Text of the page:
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Study finds cultural inclusion key for remote Indigenous students  

[by Jessica Evans]

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Felicia Foxx and Garra Mundine. Image: supplied

For Garra Mundine, a proud Wiradjuri, Bundjulung, Kamilaroi and Yuin woman from Dubbo NSW, body image concerns were something that started when she left her community to attend school in Sydney.

Back home with her family and surrounded by culture, Garra never took much notice of her body image. However, at the age of 11 after moving to Sydney, she began to feel her body was different.

“In the city, I suddenly became a part of a very multicultural community. A lot of my friends were of Asian, Irish, and Italian heritage. As teenage girls, they naturally had skinny bodies that fit European beauty standards. I noticed that my body wasn't like that and I really struggled because I wanted to fit in.”

According to national eating disorder and body image charity the Butterfly Foundation, almost one in ten Australians will at some stage experience an eating disorder.

Aboriginal and Torres Strait Islander people experience body image issues at similar rates to other people in Australia, with 30% of young people—including Aboriginal and Torres Strait Islander young people – saying they’re very concerned about their body image.

After her move, Garra found herself becoming incredibly self-conscious. “I was always trying to find ways to lose weight and fit in to smaller sizes. The fashion at the time was all about crop tops and looking small. And I just wasn't that girl. I would specifically buy clothes that were too small, and I would try and get myself as small as possible to fit these beauty standards.

“I would often just stand in front of the mirror for hours critiquing every part of my body just because everything felt wrong, nothing looked right.”

Garra’s physical and mental wellbeing began to suffer, and without realising what was happening, she began to develop an eating disorder.

“Eating disorders were never really spoken about in my community. So, I very much felt like I was on my own. I knew my Mum was concerned and she had spoken to family members about the fact that I was losing a lot of weight and becoming very thin.”

But it was clear that in Garra’s community, “health was less of a priority than looking good.

“Most of the time people would say ‘Wow, you look amazing! You're so thin. You look great’. It was never, ‘You really need to eat something and take care of yourself’."

Something was wrong, but Garra felt that no one, especially her family or friends, would take her problem seriously and that it was most likely an issue she would have to deal with on her own. A sentiment that Butterfly Foundation says is all too common in people experiencing an eating disorder. 

When she spoke to her friends, they were sympathetic, but Garra still felt that she was ‘different’ because her body didn’t fit the European beauty standards many of her friends did.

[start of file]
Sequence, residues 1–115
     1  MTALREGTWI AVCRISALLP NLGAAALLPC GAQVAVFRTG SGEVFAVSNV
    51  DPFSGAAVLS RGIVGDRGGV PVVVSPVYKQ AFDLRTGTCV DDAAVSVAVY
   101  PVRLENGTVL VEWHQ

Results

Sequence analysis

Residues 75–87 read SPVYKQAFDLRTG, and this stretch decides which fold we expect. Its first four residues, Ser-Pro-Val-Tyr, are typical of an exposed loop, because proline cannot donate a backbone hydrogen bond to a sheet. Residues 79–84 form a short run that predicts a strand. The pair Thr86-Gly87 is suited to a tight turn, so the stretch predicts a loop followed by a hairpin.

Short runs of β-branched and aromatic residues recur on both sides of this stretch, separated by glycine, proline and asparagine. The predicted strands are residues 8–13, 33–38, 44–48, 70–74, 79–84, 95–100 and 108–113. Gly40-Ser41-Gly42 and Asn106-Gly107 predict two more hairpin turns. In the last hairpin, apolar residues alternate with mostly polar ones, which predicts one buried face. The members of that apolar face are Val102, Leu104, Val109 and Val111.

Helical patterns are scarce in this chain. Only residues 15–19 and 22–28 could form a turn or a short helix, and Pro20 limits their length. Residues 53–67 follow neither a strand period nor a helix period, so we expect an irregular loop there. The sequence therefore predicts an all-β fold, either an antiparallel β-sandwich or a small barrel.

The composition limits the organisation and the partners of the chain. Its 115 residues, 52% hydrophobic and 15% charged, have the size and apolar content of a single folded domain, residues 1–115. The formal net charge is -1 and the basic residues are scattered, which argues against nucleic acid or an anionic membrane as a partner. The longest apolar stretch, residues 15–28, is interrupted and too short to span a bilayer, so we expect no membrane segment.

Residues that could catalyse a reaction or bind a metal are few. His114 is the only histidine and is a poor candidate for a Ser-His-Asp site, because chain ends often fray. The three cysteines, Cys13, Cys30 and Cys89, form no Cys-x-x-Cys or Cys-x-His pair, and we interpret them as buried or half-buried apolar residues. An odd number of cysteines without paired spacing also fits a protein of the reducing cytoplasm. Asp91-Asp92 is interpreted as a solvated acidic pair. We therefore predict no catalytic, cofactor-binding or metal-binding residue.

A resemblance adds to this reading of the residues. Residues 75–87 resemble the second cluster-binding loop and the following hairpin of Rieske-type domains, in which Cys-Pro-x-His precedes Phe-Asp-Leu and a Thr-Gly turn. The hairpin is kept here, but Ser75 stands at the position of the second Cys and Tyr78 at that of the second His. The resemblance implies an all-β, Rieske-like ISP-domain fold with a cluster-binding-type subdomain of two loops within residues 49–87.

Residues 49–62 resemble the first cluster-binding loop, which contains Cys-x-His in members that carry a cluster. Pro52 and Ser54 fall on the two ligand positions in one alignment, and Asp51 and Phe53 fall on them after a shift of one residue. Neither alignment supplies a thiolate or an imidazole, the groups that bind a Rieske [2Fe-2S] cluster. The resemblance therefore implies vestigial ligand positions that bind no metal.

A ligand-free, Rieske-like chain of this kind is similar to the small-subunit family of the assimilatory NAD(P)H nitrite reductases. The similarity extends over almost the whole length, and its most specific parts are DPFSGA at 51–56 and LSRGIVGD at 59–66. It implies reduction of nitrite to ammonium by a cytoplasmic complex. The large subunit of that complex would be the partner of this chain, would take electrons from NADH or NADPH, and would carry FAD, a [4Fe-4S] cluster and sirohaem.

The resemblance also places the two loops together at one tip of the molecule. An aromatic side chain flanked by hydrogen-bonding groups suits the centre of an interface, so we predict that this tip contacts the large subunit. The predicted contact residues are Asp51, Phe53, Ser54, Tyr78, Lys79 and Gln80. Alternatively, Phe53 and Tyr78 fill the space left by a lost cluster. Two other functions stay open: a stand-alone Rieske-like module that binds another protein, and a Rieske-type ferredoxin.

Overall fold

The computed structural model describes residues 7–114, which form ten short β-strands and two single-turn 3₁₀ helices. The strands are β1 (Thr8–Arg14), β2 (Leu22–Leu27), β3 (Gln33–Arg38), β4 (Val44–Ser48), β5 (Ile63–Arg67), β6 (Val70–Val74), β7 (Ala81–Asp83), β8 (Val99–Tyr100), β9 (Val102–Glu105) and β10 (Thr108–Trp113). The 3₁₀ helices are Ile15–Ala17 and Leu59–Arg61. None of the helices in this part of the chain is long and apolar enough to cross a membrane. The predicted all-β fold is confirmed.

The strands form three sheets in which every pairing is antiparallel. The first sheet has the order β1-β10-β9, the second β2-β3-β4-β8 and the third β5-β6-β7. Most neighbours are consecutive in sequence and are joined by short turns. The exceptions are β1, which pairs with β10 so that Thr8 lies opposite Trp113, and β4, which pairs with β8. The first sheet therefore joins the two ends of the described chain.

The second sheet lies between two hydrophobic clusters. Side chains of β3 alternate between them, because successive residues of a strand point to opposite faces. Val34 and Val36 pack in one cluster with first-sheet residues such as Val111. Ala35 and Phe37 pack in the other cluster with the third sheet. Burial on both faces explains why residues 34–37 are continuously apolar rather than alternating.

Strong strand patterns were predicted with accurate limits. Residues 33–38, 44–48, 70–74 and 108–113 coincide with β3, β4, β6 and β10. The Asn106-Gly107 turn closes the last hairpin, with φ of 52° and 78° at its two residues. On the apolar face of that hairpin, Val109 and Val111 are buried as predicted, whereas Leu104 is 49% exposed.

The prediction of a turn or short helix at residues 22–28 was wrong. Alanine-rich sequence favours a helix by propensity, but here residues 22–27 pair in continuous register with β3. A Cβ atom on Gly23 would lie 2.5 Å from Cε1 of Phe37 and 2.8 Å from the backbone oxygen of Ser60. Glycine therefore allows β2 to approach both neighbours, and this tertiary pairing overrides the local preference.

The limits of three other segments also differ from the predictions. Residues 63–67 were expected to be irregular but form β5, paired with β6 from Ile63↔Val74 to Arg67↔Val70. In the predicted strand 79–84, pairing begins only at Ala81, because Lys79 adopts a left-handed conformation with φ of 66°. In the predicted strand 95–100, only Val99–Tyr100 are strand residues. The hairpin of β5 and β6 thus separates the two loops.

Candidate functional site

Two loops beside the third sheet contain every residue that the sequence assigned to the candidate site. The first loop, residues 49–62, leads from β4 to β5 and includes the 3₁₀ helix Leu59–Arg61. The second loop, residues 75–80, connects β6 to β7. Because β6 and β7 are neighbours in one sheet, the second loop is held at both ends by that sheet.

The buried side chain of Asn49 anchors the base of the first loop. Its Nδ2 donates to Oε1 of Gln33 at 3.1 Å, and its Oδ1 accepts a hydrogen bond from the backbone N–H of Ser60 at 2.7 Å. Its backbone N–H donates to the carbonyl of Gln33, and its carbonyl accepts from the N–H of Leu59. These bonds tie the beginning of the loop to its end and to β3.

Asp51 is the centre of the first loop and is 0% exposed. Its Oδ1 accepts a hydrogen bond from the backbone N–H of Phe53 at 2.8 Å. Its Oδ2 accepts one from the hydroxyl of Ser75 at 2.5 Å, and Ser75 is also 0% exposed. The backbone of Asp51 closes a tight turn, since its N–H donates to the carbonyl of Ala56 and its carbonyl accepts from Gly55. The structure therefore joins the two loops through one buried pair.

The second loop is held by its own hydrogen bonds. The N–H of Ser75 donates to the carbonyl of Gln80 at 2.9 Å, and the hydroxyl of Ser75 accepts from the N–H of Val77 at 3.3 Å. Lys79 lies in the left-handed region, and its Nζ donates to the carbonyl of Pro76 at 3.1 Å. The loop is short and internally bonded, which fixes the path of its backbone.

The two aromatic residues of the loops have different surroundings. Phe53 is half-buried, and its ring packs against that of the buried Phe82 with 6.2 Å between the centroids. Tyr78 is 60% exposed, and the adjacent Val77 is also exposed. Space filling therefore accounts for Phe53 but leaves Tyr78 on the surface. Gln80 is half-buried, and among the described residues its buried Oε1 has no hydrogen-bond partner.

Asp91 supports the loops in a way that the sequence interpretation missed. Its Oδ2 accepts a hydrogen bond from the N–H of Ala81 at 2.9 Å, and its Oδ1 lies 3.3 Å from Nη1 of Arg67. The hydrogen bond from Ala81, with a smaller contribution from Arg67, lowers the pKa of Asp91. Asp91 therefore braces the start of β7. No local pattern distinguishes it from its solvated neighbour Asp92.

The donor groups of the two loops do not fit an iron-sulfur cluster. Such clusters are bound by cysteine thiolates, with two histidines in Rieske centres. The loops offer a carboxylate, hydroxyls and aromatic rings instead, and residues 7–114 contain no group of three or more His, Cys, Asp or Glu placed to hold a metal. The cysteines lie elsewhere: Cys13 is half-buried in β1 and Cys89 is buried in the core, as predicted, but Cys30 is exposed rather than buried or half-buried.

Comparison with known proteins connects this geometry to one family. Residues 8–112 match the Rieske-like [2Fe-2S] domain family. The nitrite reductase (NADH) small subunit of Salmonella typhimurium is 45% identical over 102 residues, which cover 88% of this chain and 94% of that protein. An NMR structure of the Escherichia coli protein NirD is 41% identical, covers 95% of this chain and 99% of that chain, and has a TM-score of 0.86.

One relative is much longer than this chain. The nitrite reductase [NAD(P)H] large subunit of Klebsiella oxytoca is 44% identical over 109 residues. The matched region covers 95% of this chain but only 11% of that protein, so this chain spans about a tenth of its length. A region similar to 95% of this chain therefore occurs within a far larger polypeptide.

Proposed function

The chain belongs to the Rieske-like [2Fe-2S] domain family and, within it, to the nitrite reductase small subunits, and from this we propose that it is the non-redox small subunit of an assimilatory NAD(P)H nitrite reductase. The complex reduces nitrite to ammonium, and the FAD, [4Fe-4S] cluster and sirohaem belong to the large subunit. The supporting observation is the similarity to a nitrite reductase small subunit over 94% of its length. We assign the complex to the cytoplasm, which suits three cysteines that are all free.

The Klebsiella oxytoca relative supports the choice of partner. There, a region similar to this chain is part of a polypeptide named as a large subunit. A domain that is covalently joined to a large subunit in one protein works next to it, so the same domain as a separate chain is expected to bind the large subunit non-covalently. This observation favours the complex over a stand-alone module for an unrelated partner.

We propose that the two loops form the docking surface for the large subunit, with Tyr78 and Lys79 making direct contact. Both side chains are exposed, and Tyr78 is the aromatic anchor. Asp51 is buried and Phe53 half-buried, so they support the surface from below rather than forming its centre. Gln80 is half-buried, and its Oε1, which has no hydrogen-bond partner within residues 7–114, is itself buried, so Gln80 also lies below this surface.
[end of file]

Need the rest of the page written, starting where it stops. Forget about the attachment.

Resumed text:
And with her family experiencing a challenging time at the height of her eating disorder and feeling as though they didn’t have the time or energy to help, Garra continued to suffer in silence.

It was only when she escaped the city and moved to Canberra for university that she started to get better. “Starting fresh really helped me. I went on a journey of finding things that were healthy for me; exercising more and learning how to eat healthy.”

But it was finding friends that understood her and that she could identify with, that made the world of difference to her recovery.

“My friends at university, who all come from Aboriginal and Torres Strait Islander backgrounds, understood we didn't fit European beauty standards, and that even Aboriginal and Torres Strait Islander peoples, within ourselves, have very different body types."

“I really began to accept myself. I stopped dying my hair blonde and straightening it every day. I started to embrace my curves and find outfits that suited my body type, and learnt to accept me for who I am.”

That’s not to say there haven’t been bumps in the road.

After Garra’s Mum was tragically diagnosed with cancer twice, she experienced a differing eating disorder presentation and found herself on the other end of the spectrum and finding comfort in food.

Garra also experienced significant barriers in her journey to receiving support. “I couldn't find anything. I went to an Aboriginal health service, but the doctor wasn't Aboriginal or Torres Strait Islander, and I felt that she was not empathetic to my situation at all. That experience definitely scared me away from looking for professional help.”

“If there was support that was culturally safe at the time, I would have definitely taken it up.”

Garra doesn’t let this define her story of recovery though. She is now on a journey to finding a healthy balance and receiving professional support from a doctor who has been ‘amazingly empathetic’ to her situation.

“Recovery is an ongoing thing that you need to work at every single day. But there is a light at the end of the tunnel, it does get easier and it's all about embracing yourself. Learning that you're not going to fit into this perfect box and you're not meant to. You've just got to be you.”

Garra, along with Felicia Foxx, is also the face of the Butterfly Foundation’s new #EveryBODYIsDeadly campaign, that encourages mob to have a yarn about body image and reach out to Butterfly for culturally safe support.

“My message to other Aboriginal and Torres Strait Islander people that are going through similar feelings and situations, is to find support in each other and to talk about it. Don't push it under the rug. We all are facing these issues and there's a reason behind it; we're not meant to fit into the beauty standards that society pushes onto us. We really need to embrace each other.”

For drag superstar Felicia Foxx, a proud Kamilaroi and Dhungutti sister girl from Campbelltown NSW, the path to loving herself and accepting her body has been a long one, with many twists and turns.

Growing up in a male-dominated Aboriginal family that was very masculine and athletic, Felicia struggled with both her body image and sexual identity.  

“My body image concerns started at a very young age. I always thought I was the little black sheep of the family and being the slim, straight up and down one wasn’t normal. I thought I had to portray the exact body type the men in my family portrayed.”